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Learning Ally Blog: Access and Achievement
Now more than ever, people with learning and visual disabilities are flourishing in the classroom, launching productive careers and becoming assets in their communities. This blog spotlights remarkable individuals who demonstrate that having a visual or print disability is no barrier to educational success.
Prepare for College: Partner with the DSO
On July 1, 2015 in
Blind or Visually Impaired
Lauren Holstein (LAE)
, Learning Ally’s Community Coordinator for Students who are Blind or Visually Impaired, shares her best advice for how to make the most of summer break.
The drama of acceptance, waitlist, rejection is over. High school is ending, or it’s becoming a distant memory. Time to sit back and relax, right? Not if you’re blind or visually impaired. Maybe not ever. But if you’re blind or have low vision, there’s so much to do! Learning Ally wants to help you prepare for college this summer. Over the summer we will talk about what you can do now to ensure success later on. Why prepare during the summer? Because you’ll be preparing for the next four years, if not for the rest of your life. You will need to get used to doing things ahead of time, even when no one else around you seems to. So we are releasing a series of blog entries which talk about all of the types of preparation you will need.
Partnering with your Disabilities Services Office
Or whatever this office calls itself at your school. Chances are all of your friends with disabilities approach a similar office which identifies itself by a unique name. But regardless of what it’s called, the disabilities service office on campus can help to connect you with resources and will set up any accommodations you may need to learn successfully. As you set up your accommodations, keep the following tips in mind:
Ho hum. Just like my
last blog entry
. Well, preparation is the key to college life. Do not wait until the semester starts to meet with your DSO. Meet as soon as you possibly can! Know what works and what doesn’t work. Before you enter a meeting with this office for the first time, think about the accommodations you used during high school. How did you take notes during class? How did you study for and take quizzes and tests? How did you write research papers? In answering these “how” questions, think about your process, but also think about the equipment or programs you used. Do you learn more effectively with print, braille, audio or with a combination method? The disabilities services office will be able to help you more effectively if you know which accommodations have worked for you so far and which ones absolutely will not work.
Be proactive at your meeting.
You may be used to IEP meetings, in which you either had a huge role or no role at all. You were surrounded by a team which included your parent or guardian, your TVI, at least one general education teacher and other professionals who were relevant to your education. Each of these people was responsible for putting your accommodations together into a package you could use. That was high school; this is college. Your parent or guardian may or may not accompany you to this first meeting; some disabilities offices prefer that you meet alone. It’s up to you, not only to know what you need but to communicate it to the disabilities office in a way the people there can understand.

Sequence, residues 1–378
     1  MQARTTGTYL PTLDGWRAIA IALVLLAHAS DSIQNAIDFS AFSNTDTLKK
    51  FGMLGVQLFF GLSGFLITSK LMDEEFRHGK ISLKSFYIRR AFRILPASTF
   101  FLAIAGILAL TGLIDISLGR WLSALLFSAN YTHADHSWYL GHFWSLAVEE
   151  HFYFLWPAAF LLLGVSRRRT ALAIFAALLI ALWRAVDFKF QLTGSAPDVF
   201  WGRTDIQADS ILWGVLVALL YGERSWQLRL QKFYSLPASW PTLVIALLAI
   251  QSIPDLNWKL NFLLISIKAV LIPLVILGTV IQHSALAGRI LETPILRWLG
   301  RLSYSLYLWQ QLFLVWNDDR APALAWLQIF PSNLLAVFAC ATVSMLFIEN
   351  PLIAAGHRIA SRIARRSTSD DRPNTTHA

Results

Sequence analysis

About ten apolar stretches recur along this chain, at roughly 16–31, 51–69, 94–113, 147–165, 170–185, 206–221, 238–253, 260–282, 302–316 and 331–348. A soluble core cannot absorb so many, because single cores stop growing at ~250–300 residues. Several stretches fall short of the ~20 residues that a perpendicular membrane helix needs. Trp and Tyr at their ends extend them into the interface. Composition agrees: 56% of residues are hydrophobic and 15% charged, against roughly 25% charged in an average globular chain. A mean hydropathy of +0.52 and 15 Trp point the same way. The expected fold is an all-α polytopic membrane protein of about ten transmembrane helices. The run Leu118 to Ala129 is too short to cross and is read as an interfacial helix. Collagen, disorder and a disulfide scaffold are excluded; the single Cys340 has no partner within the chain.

You may have heard that honey is better than vinegar. With people you don’t know, this is about 99% true, and your disabilities office is likely to be in that majority. Be firm about your needs, but communicate in a way that encourages cooperation and respect between you and the office.
Ask the office to help you connect.
When you meet with your DSO, talk about your upcoming semester in concrete detail. If at all possible, decide what courses you need and want to take so that you can continue all of this wonderful early preparation by connecting with your instructors. Stay tuned for my next blog article to learn more about connecting positively with your professors.
is the community coordinator for students who are blind or visually impaired at Learning Ally and is excited to be working on the College Success Program. Her past roles at Learning Ally have included member, advocate, intern, product support representative and product tester, among others. She loves to teach and to write and lives in New Jersey with her husband and their four-year-old son.
Start the next school year strong by getting advice from our amazing
College Success Program mentors
. Like Kristen, they are all individuals who are blind or visually impaired and have succeeded in college. To learn more or request a fall 2015 mentoring session, visit
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